• All the devices in an Automatic Storage Management disk group should be the same size and have the same performance characteristics.

    • Do not specify multiple partitions on a single physical disk as a disk group device. Automatic Storage Management expects each disk group device to be on a separate physical disk.

    • Oracle does not recommend the use of a logical volume as a device in Automatic Storage Management because the logical volume is capable of hiding the physical disk architecture which prevents Automatic Storage Management from optimizing I/O across physical devices.

    See Also:

3.5.3 Step 2: Using an Existing Automatic Storage Management Disk Group

Note:

This is an optional step.

This step describes how to identify existing disk groups and determine the free disk space that they contain. If you want to store either database or recovery files in an existing Automatic Storage Management disk group, then you have the following choices, depending on the installation method that you select:

  • Before you run Oracle Automatic Storage Management Configuration Assistant in interactive mode, ensure that you have already created a disk group or selected an existing one.

  • If you select an installation method that runs Oracle Automatic Storage Management Configuration Assistant in silent or response file mode, then you must choose an existing disk group for the new database; you cannot create a disk group. However, you can add disk devices to an existing disk group if it has insufficient free space for your requirements.

Note:

The Automatic Storage Management instance that manages the existing disk group will be running in the grid infrastructure Oracle home directory.

To determine whether an existing Automatic Storage Management disk group exists, or to determine whether there is sufficient disk space in a disk group, you can use Oracle Enterprise Manager Grid Control or Database Control. Alternatively, you can use the following procedure:

  1. View the contents of the oratab file to determine whether an Automatic Storage Management instance is configured on the system:

    # more /etc/oratab
    

    If an Automatic Storage Management instance is configured on the system, then the oratab file should contain a line similar to the following:

    +ASM:oracle_home_path:N
    

    In this example, +ASM is the system identifier (SID) of the Oracle Automatic Storage Management instance and oracle_home_path is the Oracle home directory where Oracle Automatic Storage Management is installed. By convention, the SID for an Oracle Automatic Storage Management instance should be +ASM.

  2. Open a shell prompt and temporarily set the ORACLE_SID and ORACLE_HOME environment variables to specify the appropriate values for the Automatic Storage Management instance that you want to use.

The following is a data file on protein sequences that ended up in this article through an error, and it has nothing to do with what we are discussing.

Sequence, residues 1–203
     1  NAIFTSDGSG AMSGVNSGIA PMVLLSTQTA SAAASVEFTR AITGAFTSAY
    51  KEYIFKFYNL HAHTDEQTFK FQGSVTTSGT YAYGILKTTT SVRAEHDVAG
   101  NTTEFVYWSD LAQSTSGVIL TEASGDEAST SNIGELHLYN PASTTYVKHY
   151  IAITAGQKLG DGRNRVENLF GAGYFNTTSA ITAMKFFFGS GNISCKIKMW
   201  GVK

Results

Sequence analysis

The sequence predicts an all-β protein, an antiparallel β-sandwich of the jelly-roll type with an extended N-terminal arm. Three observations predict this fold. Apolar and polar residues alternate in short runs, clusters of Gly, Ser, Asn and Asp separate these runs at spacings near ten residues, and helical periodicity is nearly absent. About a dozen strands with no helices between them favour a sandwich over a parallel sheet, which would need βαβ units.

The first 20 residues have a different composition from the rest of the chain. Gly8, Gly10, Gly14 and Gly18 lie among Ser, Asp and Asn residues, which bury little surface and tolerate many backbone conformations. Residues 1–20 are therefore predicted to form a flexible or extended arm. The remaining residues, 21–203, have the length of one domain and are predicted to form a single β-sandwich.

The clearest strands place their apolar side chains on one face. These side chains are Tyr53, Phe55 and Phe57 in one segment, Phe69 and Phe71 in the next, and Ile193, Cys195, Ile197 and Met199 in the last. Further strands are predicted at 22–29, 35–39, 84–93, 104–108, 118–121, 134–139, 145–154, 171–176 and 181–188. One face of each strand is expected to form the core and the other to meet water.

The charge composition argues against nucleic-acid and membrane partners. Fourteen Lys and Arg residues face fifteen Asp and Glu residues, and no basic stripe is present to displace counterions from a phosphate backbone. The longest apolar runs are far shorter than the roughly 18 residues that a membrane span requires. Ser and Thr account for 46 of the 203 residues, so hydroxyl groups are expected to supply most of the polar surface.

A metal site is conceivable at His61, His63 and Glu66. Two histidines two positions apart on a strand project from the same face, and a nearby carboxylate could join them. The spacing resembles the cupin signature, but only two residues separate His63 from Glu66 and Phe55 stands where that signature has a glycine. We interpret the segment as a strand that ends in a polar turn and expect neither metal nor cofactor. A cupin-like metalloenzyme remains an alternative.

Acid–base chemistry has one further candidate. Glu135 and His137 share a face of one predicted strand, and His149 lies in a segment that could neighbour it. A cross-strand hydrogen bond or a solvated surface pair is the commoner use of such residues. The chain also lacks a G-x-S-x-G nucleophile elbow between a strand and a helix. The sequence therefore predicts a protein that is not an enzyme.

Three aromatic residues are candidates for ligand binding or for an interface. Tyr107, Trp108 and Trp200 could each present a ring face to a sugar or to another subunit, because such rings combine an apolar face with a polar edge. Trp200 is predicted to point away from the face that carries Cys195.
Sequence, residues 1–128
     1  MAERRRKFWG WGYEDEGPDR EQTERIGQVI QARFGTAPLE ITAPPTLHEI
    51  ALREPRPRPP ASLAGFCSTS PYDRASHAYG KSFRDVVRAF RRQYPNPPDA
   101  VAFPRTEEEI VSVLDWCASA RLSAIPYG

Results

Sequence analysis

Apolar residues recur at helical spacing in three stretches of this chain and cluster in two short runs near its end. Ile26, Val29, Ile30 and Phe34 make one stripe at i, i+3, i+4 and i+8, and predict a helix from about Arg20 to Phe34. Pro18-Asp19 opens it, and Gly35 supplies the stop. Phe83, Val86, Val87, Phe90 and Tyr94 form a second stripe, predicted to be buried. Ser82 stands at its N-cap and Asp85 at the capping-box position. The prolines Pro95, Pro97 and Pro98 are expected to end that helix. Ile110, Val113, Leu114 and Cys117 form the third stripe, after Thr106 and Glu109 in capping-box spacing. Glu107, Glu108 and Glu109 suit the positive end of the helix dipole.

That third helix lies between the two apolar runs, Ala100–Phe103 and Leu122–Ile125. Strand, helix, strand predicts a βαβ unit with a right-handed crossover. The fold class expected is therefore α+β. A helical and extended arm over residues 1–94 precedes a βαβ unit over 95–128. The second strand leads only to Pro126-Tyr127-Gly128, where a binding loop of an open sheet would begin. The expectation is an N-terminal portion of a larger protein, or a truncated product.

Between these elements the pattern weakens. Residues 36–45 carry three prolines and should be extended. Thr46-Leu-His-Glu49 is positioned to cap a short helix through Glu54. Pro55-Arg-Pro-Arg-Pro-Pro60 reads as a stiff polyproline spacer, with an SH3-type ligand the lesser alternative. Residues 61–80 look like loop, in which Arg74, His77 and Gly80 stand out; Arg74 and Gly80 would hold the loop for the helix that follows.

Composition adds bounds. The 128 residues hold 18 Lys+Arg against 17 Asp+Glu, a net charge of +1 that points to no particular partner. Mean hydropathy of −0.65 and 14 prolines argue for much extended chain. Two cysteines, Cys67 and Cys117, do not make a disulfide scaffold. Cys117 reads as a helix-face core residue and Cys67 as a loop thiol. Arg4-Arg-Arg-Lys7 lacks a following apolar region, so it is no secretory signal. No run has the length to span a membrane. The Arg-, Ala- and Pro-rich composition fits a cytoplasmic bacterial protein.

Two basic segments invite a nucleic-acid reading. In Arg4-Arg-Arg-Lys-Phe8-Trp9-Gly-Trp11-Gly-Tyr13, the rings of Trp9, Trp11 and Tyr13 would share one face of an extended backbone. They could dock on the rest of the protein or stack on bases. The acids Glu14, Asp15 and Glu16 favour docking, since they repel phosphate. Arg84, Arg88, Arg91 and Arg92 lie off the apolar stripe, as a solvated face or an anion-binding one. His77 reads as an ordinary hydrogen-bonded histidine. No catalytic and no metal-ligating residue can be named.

For example, the Automatic Storage Management SID, which is named +ASM and is located in the grid subdirectory of the ORACLE_BASE directory, then enter the following commands to create the required settings:

    • Bourne, Bash, or Korn shell:

      $ ORACLE_SID=+ASM
      $ export ORACLE_SID
      $ ORACLE_HOME=/u01/app/oracle/product/11.2.0/grid/
      $ export ORACLE_HOME
      
    • C shell:

      % setenv ORACLE_SID +ASM
      % setenv ORACLE_HOME /u01/app/oracle/product/11.2.0/grid
      
  3. By using SQL*Plus, connect to the Automatic Storage Management instance as the SYS user with SYSASM privilege and start the instance if necessary:

    # $ORACLE_HOME/bin/sqlplus /nolog
    SQL> CONNECT SYS as SYSASM
    Enter password: SYS_password 
    SQL> STARTUP
    
  4. Enter the following command to view the existing disk groups, their redundancy level, and the amount of free disk space in each one:

    SQL> SELECT NAME,TYPE,TOTAL_MB,FREE_MB FROM V$ASM_DISKGROUP;
    
  5. From the output, identify a disk group with the appropriate redundancy level and note the free space that it contains.

  6. If necessary, install or identify the additional disk devices required to meet the storage requirements listed in the previous section.

    Note:

    If you are adding devices to an existing disk group, then Oracle recommends that you use devices that have the same size and performance characteristics as the existing devices in that disk group.

3.5.4 Step 3: Creating DAS or SAN Disk Partitions for Automatic Storage Management

In order to use a DAS or SAN disk in Automatic Storage Management, the disk must have a partition table. Oracle recommends creating exactly one partition for each disk containing the entire disk.

Note:

You can use any physical disk for Automatic Storage Management, as long as it is partitioned.

3.5.5 Step 4: Configuring Disks for Automatic Storage Management

Oracle provides an Automatic Storage Management library driver that you can use to simplify the configuration and management of the disk devices that you want to use with Automatic Storage Management. A disk that is configured for Automatic Storage Management is known as a candidate disk.

If you intend to use Automatic Storage Management for database storage, then Oracle recommends that you install the Automatic Storage Management library driver (ASMLIB) and associated utilities and use them to configure the devices that you want to include in an Automatic Storage Management disk group.